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A dispersive migration in the atlantic Puffin and its implications for migratory navigation

Guilford, T; Freeman, R; Boyle, D; Dean, B; Kirk, H; Phillips, R; Perrins, C; (2011) A dispersive migration in the atlantic Puffin and its implications for migratory navigation. PLOS ONE , 6 (7) , Article e21336. 10.1371/journal.pone.0021336. Green and gold open access

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Abstract

Navigational control of avian migration is understood, largely from the study of terrestrial birds, to depend on either genetically or culturally inherited information. By tracking the individual migrations of Atlantic Puffins, Fratercula arctica, in successive years using geolocators, we describe migratory behaviour in a pelagic seabird that is apparently incompatible with this view. Puffins do not migrate to a single overwintering area, but follow a dispersive pattern of movements changing through the non-breeding period, showing great variability in travel distances and directions. Despite this within-population variability, individuals show remarkable consistency in their own migratory routes among years. This combination of complex population dispersion and individual route fidelity cannot easily be accounted for in terms of genetic inheritance of compass instructions, or cultural inheritance of traditional routes. We suggest that a mechanism of individual exploration and acquired navigational memory may provide the dominant control over Puffin migration, and potentially some other pelagic seabirds, despite the apparently featureless nature of the ocean.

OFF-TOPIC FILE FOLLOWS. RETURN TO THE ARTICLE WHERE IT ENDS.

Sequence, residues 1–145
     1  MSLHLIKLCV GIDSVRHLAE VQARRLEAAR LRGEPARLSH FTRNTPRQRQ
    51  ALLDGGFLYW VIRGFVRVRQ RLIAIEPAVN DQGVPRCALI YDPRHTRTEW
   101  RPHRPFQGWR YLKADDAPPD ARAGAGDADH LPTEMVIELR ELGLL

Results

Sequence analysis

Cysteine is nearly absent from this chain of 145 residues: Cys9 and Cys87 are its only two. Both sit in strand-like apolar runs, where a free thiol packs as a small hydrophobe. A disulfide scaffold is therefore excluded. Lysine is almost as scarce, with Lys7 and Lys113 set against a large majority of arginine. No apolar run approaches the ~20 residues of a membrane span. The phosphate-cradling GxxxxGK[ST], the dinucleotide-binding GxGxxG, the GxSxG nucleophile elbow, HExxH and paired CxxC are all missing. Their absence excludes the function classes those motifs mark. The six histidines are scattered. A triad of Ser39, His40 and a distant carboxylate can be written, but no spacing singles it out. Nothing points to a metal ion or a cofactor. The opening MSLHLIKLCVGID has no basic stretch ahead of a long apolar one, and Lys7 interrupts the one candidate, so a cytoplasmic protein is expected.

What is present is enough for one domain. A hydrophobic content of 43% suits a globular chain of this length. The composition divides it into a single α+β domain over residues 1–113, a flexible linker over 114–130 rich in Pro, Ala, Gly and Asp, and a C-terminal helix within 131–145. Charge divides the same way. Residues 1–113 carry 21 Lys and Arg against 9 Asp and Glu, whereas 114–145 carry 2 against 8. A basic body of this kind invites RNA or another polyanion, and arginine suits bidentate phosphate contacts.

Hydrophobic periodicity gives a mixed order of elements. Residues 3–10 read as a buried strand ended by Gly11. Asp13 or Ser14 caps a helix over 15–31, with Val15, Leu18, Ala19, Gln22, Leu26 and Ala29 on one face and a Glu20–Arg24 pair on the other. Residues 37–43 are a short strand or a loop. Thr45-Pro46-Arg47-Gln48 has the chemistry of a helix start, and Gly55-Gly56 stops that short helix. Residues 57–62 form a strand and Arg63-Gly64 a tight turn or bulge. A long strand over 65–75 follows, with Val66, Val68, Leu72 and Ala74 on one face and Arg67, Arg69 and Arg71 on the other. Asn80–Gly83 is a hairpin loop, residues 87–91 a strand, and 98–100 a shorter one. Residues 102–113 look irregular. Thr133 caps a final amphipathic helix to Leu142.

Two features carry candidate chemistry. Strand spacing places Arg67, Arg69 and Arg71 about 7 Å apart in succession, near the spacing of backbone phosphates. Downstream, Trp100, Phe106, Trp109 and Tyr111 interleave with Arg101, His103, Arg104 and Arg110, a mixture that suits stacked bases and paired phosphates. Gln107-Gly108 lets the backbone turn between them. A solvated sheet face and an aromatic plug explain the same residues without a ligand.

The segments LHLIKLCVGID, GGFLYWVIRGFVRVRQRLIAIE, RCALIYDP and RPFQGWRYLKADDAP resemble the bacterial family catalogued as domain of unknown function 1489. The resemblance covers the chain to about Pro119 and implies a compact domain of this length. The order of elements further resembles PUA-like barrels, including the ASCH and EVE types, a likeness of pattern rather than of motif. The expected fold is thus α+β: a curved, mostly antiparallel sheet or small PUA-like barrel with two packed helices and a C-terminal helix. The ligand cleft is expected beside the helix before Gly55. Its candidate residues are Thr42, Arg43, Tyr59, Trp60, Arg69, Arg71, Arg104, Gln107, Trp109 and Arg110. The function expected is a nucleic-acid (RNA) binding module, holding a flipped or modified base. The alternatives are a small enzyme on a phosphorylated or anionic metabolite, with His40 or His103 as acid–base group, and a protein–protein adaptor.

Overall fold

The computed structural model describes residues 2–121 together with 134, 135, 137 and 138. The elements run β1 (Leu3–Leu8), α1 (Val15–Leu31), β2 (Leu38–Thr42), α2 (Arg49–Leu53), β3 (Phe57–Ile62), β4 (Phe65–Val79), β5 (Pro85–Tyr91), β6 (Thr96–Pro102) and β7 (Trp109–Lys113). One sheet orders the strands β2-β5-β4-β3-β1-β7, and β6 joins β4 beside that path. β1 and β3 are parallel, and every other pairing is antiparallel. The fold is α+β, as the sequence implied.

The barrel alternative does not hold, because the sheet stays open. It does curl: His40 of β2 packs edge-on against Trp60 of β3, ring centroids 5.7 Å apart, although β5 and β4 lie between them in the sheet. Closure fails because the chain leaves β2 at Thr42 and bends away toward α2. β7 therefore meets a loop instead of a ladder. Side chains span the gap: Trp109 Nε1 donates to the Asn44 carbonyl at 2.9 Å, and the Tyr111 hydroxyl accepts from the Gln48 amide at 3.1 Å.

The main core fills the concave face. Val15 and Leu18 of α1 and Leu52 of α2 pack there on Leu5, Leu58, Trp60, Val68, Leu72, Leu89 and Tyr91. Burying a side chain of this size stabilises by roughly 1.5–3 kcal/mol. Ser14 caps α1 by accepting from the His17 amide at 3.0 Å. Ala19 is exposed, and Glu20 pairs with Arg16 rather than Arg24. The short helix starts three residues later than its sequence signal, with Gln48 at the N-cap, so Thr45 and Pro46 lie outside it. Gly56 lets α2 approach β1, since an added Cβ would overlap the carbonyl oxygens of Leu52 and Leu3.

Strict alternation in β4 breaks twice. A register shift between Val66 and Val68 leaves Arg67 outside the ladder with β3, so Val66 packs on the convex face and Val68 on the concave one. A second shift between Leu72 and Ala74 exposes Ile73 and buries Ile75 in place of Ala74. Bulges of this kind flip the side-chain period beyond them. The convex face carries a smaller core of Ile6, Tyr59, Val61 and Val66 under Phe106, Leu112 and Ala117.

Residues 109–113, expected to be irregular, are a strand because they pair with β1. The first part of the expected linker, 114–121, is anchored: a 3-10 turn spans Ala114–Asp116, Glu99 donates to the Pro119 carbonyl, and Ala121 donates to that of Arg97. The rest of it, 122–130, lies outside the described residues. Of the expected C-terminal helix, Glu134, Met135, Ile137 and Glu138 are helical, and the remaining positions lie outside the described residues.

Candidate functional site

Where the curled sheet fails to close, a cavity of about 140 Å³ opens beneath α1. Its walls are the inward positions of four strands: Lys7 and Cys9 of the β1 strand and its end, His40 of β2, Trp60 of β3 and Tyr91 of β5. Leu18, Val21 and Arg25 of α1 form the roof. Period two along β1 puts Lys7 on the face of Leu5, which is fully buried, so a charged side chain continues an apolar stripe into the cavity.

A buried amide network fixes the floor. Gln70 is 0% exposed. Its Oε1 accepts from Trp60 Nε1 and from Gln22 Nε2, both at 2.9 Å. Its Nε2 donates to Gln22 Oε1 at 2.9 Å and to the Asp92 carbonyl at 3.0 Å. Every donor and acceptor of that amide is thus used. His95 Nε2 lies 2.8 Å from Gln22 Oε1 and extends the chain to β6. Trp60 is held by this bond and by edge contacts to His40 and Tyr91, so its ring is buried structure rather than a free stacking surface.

Type:Article
Title:A dispersive migration in the atlantic Puffin and its implications for migratory navigation
Open access status:An open access publication. A version is also available from UCL Discovery.
DOI:10.1371/journal.pone.0021336
Publisher version:http://dx.doi.org/10.1371/journal.pone.0021336
Language:English
Additional information:© 2011 Guilford et al. This is an open-access article distributed under the terms of the Creative Commons Attribution License, which permits unrestricted use, distribution, and reproduction in any medium, provided the original author and source are credited. This work was funded with the help of Microsoft Research Cambridge, Oxford University, and a Natural Environment Research Council studentship (Ben Dean). The funders had no role in the study design, data collection and analysis, decision to publish, or preparation of the manuscript.
UCL classification:UCL > School of BEAMS > Faculty of Maths and Physical Sciences > CoMPLEX - Maths and Physics in the Life Sciences and Experimental Biology

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